Raspberry Pi Zero + SG90 + Blynk (Air Conditioner "Remote")

Hi All,

Very new to the IoT and Blynk.

Here’s my project. I want to be able to control a servo using a Pi Zero from the Blynk app. After pushing a button in Blynk, it will send the servo to a position and then return to 0. (The servo will have an arm attached to it and will push a button on my Air Conditioner to turn it on or off - sounds silly, I know.)

I’ve installed a fresh version of buster-lite and followed the steps listed HERE with the exception of the repositories step as I’m using ARMv6 hardware and so I followed this link HERE. All was going well until I ran sudo npm install onoff -g and I’m getting the attached. It’s still going…

gyp WARN EACCES user "root" does not have permission to access the dev dir "/usr/local/lib/node_modules/onoff/node_modules/epoll/.node-gyp/8.11.3"
gyp WARN EACCES attempting to reinstall using temporary dev dir "/usr/local/lib/node_modules/onoff/node_modules/epoll/.node-gyp"

I’m using Blynk as I saw a project somewhat similar but it was a door lock remote yet still used the same hardware. That project was ok to follow but they sidestepped a bunch of things and called it assumed knowledge.

I would be forever grateful for some guidance here.

I also have tried without sudo and was provided the below:

npm WARN checkPermissions Missing write access to /usr/local/lib/node_modules/onoff
npm WARN checkPermissions Missing write access to /usr/local/lib/node_modules
npm ERR! path /usr/local/lib/node_modules/onoff
npm ERR! code EACCES
npm ERR! errno -13
npm ERR! syscall access
npm ERR! Error: EACCES: permission denied, access '/usr/local/lib/node_modules/onoff'
npm ERR!  { Error: EACCES: permission denied, access '/usr/local/lib/node_modules/onoff'
npm ERR!   stack: 'Error: EACCES: permission denied, access \'/usr/local/lib/node_modules/onoff\'',
npm ERR!   errno: -13,
npm ERR!   code: 'EACCES',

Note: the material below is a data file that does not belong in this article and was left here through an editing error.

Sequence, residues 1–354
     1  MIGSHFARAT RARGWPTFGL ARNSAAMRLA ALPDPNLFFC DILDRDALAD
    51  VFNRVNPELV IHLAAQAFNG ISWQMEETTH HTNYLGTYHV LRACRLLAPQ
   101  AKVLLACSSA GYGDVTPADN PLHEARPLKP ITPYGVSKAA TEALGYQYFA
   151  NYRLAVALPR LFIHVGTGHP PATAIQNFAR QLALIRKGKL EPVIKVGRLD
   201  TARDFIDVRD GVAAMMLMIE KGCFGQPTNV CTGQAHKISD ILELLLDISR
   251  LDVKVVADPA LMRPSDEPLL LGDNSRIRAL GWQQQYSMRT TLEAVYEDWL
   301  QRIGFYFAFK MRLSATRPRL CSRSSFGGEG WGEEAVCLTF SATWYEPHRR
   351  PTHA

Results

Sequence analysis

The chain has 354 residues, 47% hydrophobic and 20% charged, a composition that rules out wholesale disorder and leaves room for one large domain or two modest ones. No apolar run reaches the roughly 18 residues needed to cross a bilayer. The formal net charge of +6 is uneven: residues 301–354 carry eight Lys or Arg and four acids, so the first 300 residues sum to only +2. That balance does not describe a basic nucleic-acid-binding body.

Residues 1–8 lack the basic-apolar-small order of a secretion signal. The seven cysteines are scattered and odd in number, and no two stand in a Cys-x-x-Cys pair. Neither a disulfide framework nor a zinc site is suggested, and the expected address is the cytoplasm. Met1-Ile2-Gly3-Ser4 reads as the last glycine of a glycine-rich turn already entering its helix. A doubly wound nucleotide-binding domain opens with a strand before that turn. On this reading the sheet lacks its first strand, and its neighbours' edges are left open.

npm ERR!   syscall: 'access',
npm ERR!   path: '/usr/local/lib/node_modules/onoff' }
npm ERR! 
npm ERR! Please try running this command again as root/Administrator.
1 Like

Have you considered using an infrared LED to control your aircon, instead of the servo method?
This is what many people, including myself do. The IR Remote library has built-in commands for many common brands of aircon, but also has the ability to learn new coded by attaching an IR photodiode to a device and capturing the codes used by your existing remote.

Also, the Raspberry Pi is t really the best hardware for a project like this. You’re much better off with a simple NodeMCU device that requires no operating system and is programmed in C++ (which is much more common within the Blynk and many other maker communities).

Here’s a link to the project I use to control my aircon and ceiling fans using IR LEDs. My infrastructure is rather different to what you’d use because I use Blynk in a non-standard way, but the small white box with two LEDs poking out contains a Wemos D1 Mini, which could run the Blynk code you need to achieve this.

Here’s a bit more about hardware choices:


1 Like

Thanks for the reply, Pete. I have a ducted system without IR functionality. I would have got a commercially available system last year if this was the case. I have been working on a solution for this problem for the last 12 Months and have come to this as the best solution as silly as it sounds. A simple button pusher that will be mounted alongside the control box on the wall.

I’ll take a look at the NodeMCU options.

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Okay. In my experience these systems almost always have the facility to have ‘slave’ controls that can be piggy-backed on to the current controller to allow the aircon to be controlled from multiple locations within the property. If this is the case with your system then there will almost certainly be contacts available within your existing controller that you could use with an MCU and probably a relay to control the system.

Of course, it depends how comfortable you are with this approach, and whether you’re allowed to do it.

Why not post some details of the aircon and its controller and maybe some pictures as well, so that others can share their thoughts?


Hi Pete,

I called a few local A/C guys about this issue and I felt them shudder at the idea. They said any product Samsung offers will have to be installed on the control box which is in the roof with no man-hole access. Thus saying bye-bye to my ceiling.